Collector’s Club – April 2022

2017 Macchialupa, Campania Aglianico — This wine comes from Campania, in the boot heel of southern Italy. The winery is located at around 450 meters elevation in the mountainous, interior Beneventano subregion and their focus is on local indigenous grapes.

Aglianico is the most important and widely grown red grape in the region, known for producing full-bodied wines with good acidity. This one is aged about three months in stainless steel, followed by three in French oak, resulting in a deep red wine with delicious notes of plum and spice (characteristic of the region), and a hint of smoke. The tannins are soft and well integrated and the acidity is perfectly balanced. The high elevation of the vineyards helps the fruit retain freshness, without losing any of the classic, rustic Aglianico character. Enjoy with meat or vegetable dishes. $24

2020 Domaine Bigonneau, Reuilly Blanc — Reuilly is a small appellation in the eastern part of France’s Loire Valley. Like its neighbor Sancerre just to the east, Reuilly has Kimmeridgean limestone soil and also produces beautiful Sauvignon Blancs. But happily, the wines of Reuilly are much less expensive. The Bigonneau family has been producing wine here for several generations. In 2006 Gérard Bigonneau brought on his daughter Virginie to take over the winemaking. With her experience studying in Dijon and working in cellars in Champagne, Burgundy, and Alsace, she brought a new focus to their wines. This 100% Sauv Blanc from 25-year-old vines is aged on the lees in stainless steel and is complex and elegant, with notes of citrus and white fruit, a touch of spice, and lovely depth and texture. Perfect for shellfish or seafood dishes. $17

2020 Tahbilk, Marsanne — Marsanne originated in the northern Rhône where it is an important grape in the stunning white wines of Hermitage and St. Joseph. It first appeared in Australia in the 1860s when Tahbilk Winery was established and began planting it in the Nagambie Lakes region of central Victoria. The winery fell into decline over the years but in 1925 it was bought and restored by the Purbrick family, still in charge today. The historic estate is renown for its older vines and its commitment to Marsanne, with the world’s largest single holding of the grape as well as some of the oldest plantings, dating back to 1927. Marsanne tends to produce full-bodied, aromatic wines. This one is creamy and fresh, with floral and citrus notes and beautiful minerality. Enjoy it over the next two or three years with pan-fried trout, chicken, or Asian fare. $18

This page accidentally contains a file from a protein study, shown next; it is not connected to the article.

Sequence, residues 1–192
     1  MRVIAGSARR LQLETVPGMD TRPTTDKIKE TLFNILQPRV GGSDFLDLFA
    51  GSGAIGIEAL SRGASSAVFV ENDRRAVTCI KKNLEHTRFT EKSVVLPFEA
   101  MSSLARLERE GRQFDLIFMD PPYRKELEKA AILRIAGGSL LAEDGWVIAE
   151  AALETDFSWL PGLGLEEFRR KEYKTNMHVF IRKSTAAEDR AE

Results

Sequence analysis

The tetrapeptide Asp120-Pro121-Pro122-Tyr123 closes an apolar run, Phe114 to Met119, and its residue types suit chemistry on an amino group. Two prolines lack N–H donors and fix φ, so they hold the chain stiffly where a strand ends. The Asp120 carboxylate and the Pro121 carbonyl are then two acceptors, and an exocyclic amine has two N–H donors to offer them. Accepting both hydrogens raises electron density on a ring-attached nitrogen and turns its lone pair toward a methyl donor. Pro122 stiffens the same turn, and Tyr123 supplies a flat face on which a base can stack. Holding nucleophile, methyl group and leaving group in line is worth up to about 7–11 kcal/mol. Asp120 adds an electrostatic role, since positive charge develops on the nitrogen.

2018 Casas del Toqui, Barrel Series Reserva Carmenère — Carmenère was once a major blending grape in Bordeaux. But it did not always ripen reliably and, after phylloxera devasted many European vineyards, it was rarely replanted. Luckily some cuttings had made their way to Chile, where they thrived and eventually became that country’s flagship grape. This one is produced by Casas del Toqui, established in 1994 as a partnership between Bordeaux producer Château Larose-Trintadaun and local producers in Chile’s Cachapoal Valley, south of Santiago. The late-ripening Carmenère grape thrives in the local alluvial soils and temperate Mediterranean climate. This one sees eight months in French oak and is rich, savory, and chocolaty with silky texture and smooth tannins. Try it with beef, pasta, lamb, or poultry dishes. $18

2019 Michel Chapoutier, Bila-Haut, Côtes du Roussillon VillagesMichel Chapoutier is a highly-respected producer of both northern and southern Rhône wines. He is a long-time proponent of biodynamics and, known as a “scout for soil,” he loves exploring other regions and terroirs as well. This wine comes from his Bila-Haut estate in Roussillon, in southern France. Located near the Mediterranean on the Spanish border, it has rocky soil with a mix of schist, gneiss, and clay from the Devonian and Kimmeridgian periods. This blend of Syrah, Grenache, and Carignan has flavors of plum and black cherry, with notes of spice, peppery herbs, and rustic, yet elegant richness. It is complex, yet fresh, and its minerality and aromas of garrigue express the essence of the local terroir. Enjoy it with grilled meats or Mediterranean fare. $17

2020 Cantine Europa, Sibiliana Roceno Nero d’Avola — Cantine Europa is one of the largest cooperatives of small growers in western Sicily. It was founded in 1962 by a group of farmers in the coastal town of Petrosino and today all of the member growers are dedicated to organic and sustainable farming, with no irrigation. Nero d’Avola is the most widely planted red grape in Sicily and, while it was historically regarded as being rather wild and rustic and used more as a blending grape, thanks to better growing and production techniques over the past decade or so, it has become much more respected for its ability to produce deeply-colored wines with notes of plum and chocolate and juicy acidity. This unoaked version is somewhat reminiscent of a Syrah, another grape that grows well on the island. It is ripe and inviting, with notes of brambly fruit and balanced tannins. Perfect for zesty pasta, roasted meats, or Napolitana-style pizza. $14